Belinda Blignaut: On Exploding, Imploding, and Starting Over

 By Emma Alvarez Gibson

Belinda and I met on Twitter and bonded over old punk songs, science fiction, and the fact that we’re “tough chicks who are softies on the inside,” as she puts it. And then I got a look at her art and was blown away. Stark, raw, sometimes mocking, sometimes painful, it all retains an essential sort of feminine, musical spirit. It’s very, very good. And the world is, for the second time in Belinda’s life, taking notice.

Photo by Bo Duvenage

 

EAG: Tell me about how you got your start.

BB: I just started. I came from a really poor family. I didn’t study; I left home the first day I could, and just fell into art, not knowing what I was doing, but just knowing that I really wanted to do it. I was about 23, which is late to emerge, but young to have had the success that I had in the ‘90s—which terrified me. I was too young; and not having studied, I hadn’t had time to think, even, about what I was doing. So the first year I was really successful and booked my first solo, which was even more successful. And things kind of exploded, and I imploded. And I went into television for about 15 years. I did investigative journalism, social current affairs—in a way, all the same stuff that feeds my art. Content-wise, probably exactly the same. It’s just that art is a very different way of expressing my view of the world.

You say you imploded; what happened?

It was completely amazing. There were very few female artists in South Africa. Contemporary arts here haven’t actually been taken seriously. There’d been a recent suicide of a very amazing local South African artist because he thought he would never sell his work. He just thought, It’s a black hole. At that time the political situation was really tough, and art’s always been the thing we use to fight. I say we; I’m speaking about my generation and my circles of friends. Art’s been the one thing where we could have a voice. So I kind of emerged a little young; rude, cheeky, and kind of subtle in some ways. It was just the right thing at the right time. My shows sold out and I got international shows and there was just demand, from gallery and dealers, and connectors. And I was so fucking hardheaded and stubborn, and I just went no, no, I’ll do something else to earn money—I’m not going to put out ten of these works because ten people want them. So, I soon started in TV. I love television. It was great, so I carried on. And about four years ago I started moving back towards finding a place in art again, but independently. Without galleries or fellow artists all grabbing, pushing and pulling.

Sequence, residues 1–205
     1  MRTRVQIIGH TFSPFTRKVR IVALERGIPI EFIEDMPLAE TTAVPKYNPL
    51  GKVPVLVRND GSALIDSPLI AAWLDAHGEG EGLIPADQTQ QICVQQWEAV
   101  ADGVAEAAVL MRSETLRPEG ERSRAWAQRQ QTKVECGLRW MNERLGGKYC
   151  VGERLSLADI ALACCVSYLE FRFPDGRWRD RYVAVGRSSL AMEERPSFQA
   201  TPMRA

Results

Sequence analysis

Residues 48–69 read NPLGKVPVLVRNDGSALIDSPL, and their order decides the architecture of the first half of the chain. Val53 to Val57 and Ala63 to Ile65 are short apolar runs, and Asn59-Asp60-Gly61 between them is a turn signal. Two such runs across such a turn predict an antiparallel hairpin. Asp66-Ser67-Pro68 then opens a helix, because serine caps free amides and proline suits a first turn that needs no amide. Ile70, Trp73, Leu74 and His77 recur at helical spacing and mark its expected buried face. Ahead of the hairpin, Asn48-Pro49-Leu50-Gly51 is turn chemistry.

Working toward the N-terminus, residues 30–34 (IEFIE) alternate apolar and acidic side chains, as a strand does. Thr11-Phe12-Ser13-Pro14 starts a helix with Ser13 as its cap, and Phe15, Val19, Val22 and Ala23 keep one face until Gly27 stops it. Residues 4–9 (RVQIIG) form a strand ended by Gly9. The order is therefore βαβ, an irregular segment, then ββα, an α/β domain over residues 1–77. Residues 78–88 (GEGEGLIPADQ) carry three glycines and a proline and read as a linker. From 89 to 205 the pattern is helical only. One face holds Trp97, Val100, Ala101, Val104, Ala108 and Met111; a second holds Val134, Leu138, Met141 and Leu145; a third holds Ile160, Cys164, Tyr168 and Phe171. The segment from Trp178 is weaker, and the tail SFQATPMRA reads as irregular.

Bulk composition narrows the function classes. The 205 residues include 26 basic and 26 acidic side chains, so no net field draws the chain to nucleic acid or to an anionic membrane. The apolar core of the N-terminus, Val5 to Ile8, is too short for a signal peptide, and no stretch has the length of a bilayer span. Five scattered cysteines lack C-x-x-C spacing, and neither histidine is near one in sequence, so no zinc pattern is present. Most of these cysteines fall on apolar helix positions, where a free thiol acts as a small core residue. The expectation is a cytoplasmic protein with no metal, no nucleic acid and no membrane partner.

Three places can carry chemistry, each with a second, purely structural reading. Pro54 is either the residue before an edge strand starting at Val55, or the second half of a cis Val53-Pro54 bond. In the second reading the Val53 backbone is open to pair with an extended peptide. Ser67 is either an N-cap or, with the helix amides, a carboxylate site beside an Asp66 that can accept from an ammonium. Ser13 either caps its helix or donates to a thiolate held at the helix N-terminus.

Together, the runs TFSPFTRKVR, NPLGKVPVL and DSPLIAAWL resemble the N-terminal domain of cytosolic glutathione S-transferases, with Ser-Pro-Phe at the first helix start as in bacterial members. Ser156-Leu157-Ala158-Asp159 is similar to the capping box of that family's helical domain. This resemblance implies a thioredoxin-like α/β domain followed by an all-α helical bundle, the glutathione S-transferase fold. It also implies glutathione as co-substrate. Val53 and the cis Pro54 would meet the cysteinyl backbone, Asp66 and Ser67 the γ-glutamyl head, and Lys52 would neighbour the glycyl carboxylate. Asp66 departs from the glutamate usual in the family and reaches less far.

What precipitated the return to making art?

I got shot.

Oh, my God!

It’s life in South Africa. Though I know it’s violent everywhere. I was just finishing a documentary and I got home late. I undid my gate. The motor on it wasn’t working, so I had to get out to manually open it. And two guys, obviously from one of the gangs [shot me]. I got shot, and all they did was take the stuff out of my car. I was living in Johannesburg at the time and I decided to get out—fuck it. It was obviously a really intense experience, and I thought, I’m now going to change every single thing to move closer to where I actually want my life to be. So I did. I left Joburg and went back to the coast. My one promise that I made myself was that I would return to art, which I’d desperately been wanting to do. I was at that point so far removed from the art world, and the politics of the art world, that to even think of starting to network back into that felt miles away. And it’s taken a long time, like three years.